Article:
Some 100 American colleges encourage their students to report offensive occurrences of non-criminal bias on campus.
Writing in The Washington Post, Catherine Rampell tells us that the University of Oregon’s “bias report team” counted 85 incidents in the past year. including these:
- A poster featuring a “triggering image” displaying “body size” bias.
- Sexually explicit doodles on Post-its.
- Too little coverage of transgender students in the newspaper.
- A professor joking that a nontraditional student was “too old to answer a question about current events.”
One student “reported that a tutor consistently ignores him,” and tagged the incident as “Bias Type: Age, Ethnicity, Gender, Race.” Students have also asked administrators to regulate speech in other ways.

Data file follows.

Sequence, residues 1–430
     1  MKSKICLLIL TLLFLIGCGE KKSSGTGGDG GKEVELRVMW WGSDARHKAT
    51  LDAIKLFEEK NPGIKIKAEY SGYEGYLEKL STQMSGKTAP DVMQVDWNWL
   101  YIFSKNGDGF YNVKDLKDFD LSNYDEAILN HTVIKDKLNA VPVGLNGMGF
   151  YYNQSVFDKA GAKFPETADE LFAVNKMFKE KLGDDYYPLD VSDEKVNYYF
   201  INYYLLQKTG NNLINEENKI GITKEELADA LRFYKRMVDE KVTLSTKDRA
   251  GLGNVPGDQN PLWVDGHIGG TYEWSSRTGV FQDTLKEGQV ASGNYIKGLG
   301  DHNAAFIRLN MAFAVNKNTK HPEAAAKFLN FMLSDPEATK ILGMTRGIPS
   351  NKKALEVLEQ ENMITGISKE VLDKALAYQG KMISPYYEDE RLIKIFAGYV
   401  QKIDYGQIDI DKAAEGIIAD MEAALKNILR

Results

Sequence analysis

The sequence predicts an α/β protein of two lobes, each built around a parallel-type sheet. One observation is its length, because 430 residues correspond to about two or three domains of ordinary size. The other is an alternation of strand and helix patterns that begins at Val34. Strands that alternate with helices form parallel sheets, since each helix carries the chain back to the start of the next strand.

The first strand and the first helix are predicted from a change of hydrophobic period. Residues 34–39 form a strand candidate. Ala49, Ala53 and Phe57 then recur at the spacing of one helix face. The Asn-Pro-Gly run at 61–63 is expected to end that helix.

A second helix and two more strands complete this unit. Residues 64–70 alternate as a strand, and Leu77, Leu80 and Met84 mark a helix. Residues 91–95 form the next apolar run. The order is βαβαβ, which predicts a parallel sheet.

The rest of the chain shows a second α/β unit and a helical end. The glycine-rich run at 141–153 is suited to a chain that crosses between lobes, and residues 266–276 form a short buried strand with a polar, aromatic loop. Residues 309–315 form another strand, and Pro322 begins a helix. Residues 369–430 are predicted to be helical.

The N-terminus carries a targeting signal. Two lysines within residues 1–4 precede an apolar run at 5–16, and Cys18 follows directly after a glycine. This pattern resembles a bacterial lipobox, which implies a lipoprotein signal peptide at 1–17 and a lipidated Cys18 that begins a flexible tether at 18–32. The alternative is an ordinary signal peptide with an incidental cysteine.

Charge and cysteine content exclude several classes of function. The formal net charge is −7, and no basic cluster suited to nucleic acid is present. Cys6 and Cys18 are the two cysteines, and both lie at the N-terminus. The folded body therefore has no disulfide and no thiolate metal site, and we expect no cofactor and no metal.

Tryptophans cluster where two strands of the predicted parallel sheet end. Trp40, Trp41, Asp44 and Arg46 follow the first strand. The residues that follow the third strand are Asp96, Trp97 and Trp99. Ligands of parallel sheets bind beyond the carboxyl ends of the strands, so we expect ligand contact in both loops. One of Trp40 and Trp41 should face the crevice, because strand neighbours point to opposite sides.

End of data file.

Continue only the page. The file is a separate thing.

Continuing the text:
The University of Minnesota’s recently introduced free-speech code, for example, has been opposed by students who want the school to guarantee “special opportunities for those who are not well-spoken.”
Rampell writes, “I applaud students who want to create a diverse, welcoming atmosphere on campus. I admire their drive to make the world around them a better, more inclusive place. What puzzles me, though, is this instinct to appeal to administrators to adjudicate any conflict. Rather than confronting, debating and trying to persuade those whose words or actions offend them, students demand that a paternalistic figure step in and punish offenders.”